The Trade Union Congress of Nigeria (TUC) has called on the Senate President, Senator Bukola Saraki, and his colleagues in the red chamber of the National Assembly to ask all President Muhammadu Buhari’s ministerial nominees to declare their assets as one of the preconditions for their confirmation as ministers.
Saddened by revelations of the arrest of the former Petroleum Resources Minister, Mrs. Diezani Alison-Madueke, by the British authorities and the amount of money that was said to be in her possession, as well as reports that many other government officers have generously helped themselves to the public till, the TUC emphasised the need to verify the financial and material statuses of each nominee before they are allowed to assume such high offices.
In a press statement jointly signed by its President, Comrade Bobboi Bala Kaigama, and Secretary General, Comrade (Barr.) Musa Lawal, the Congress noted that the time has come for various government ministries to be headed by only persons of ascertained and proven integrity in all ramifications; not “socially insensitive ministers with hearts of stone who will tell us they are answerable to the President and not the Nigerian people. We do not need ministers who are only interested in buying and paying cash for mortgages in choice cities all over the world.”
The workers’ leaders said “although we have waited so long for ministers to be appointed, we are willing to wait a little longer provided we get it right. We are on the same page with other well-meaning Nigerians who feel that the President has already taken too long to form a formidable team, but a few more days should suffice for the Senate and the Code of Conduct Tribunal (CCT) to investigate the nature, value and locations of declared assets. This is necessary because Nigerians voted for this government because of their yearning for something positively different from the usual.”
The TUC continued, “It is ridiculous how much shame our politicians have brought upon this country. As things stands today, there is rarely any month we do not hear news of Nigerian youths being executed in Asia or some other part of the world due to their involvement in one crime or the other. Of course this would not be the situation if our economy was doing well, if we had steady power and adequate infrastructure in place like in other climes, if our successive governments were interested in creating jobs for the army of unemployed youths. Indeed, in a worst case scenario, we might not be in such sorry state if the stolen monies were re-invested internally instead of being siphoned out to create jobs elsewhere.”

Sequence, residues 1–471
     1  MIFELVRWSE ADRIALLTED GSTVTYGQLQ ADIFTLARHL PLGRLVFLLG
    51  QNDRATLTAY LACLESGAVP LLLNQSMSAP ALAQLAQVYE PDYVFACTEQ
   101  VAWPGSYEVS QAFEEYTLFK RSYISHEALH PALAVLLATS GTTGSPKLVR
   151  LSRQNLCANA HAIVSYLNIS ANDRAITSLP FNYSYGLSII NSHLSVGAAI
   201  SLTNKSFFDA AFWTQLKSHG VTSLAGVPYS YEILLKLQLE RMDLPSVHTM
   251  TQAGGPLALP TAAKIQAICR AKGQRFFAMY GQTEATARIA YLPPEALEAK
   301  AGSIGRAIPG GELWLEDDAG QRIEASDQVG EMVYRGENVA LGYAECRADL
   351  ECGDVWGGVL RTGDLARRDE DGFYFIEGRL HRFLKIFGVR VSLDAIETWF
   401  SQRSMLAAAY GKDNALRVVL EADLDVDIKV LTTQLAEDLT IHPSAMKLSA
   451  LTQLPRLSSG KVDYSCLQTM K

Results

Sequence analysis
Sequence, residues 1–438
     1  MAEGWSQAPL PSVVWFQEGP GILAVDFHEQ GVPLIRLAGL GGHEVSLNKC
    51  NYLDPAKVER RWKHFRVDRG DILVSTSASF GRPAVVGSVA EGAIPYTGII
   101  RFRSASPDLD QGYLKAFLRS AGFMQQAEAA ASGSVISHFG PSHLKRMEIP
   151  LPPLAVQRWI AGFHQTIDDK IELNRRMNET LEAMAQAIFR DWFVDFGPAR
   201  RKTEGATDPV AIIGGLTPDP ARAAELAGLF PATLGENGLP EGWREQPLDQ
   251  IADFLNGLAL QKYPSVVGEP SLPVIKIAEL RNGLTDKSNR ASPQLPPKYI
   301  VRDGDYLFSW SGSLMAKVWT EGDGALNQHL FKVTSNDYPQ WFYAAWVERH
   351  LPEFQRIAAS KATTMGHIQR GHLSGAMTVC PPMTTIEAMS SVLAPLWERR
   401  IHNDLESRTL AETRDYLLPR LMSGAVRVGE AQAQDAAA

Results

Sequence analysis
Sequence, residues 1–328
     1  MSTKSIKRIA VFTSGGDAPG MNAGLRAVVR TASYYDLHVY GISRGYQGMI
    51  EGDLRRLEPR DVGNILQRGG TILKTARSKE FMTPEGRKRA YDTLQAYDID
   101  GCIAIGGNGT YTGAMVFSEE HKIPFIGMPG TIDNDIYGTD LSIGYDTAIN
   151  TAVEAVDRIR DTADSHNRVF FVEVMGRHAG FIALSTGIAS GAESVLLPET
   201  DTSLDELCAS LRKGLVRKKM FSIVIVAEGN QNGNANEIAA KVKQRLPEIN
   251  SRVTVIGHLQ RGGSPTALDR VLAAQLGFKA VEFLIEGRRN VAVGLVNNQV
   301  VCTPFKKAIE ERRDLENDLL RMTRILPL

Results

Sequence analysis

“We are very mindful of the fact that we will be doing the country a great disservice if the Congress, as mouthpiece of Nigerian workers and the masses, fails to call attention of the Senate on this issue, especially in view of the weight of allegations of monumental corruption already levelled against some of the nominees. Nigerians’ hope for true change must not be dashed again by men and women who have thrown their integrity to the wind.”
The Congress charged the Saraki-led Senate to do the needful no matter whose ox is gored, insisting that, in order to ensure thorough screening, the upper legislative chamber must go beyond mere looking at the profiles and other personal documents of nominees.
“We have been so much deceived by very nice profiles of people who turned out to be wolves in sheep’s clothing and wreaked havoc on the nation’s economy. Thus it is not enough for the nominees to go and dangle lofty curricula vitae containing flawless academic qualifications and multiple public offices they have occupied in the past. Rather we want the Senate to focus on the things that are of greater relevance to the public interest, such as the nominees’ integrity or lack of it, as well as their past records of verifiable performance or otherwise. It must not be business as usual. Let us properly sift the grains from the chaff and separate the sheep from the goats before we trust anyone with ministerial appointments,” stressed the TUC.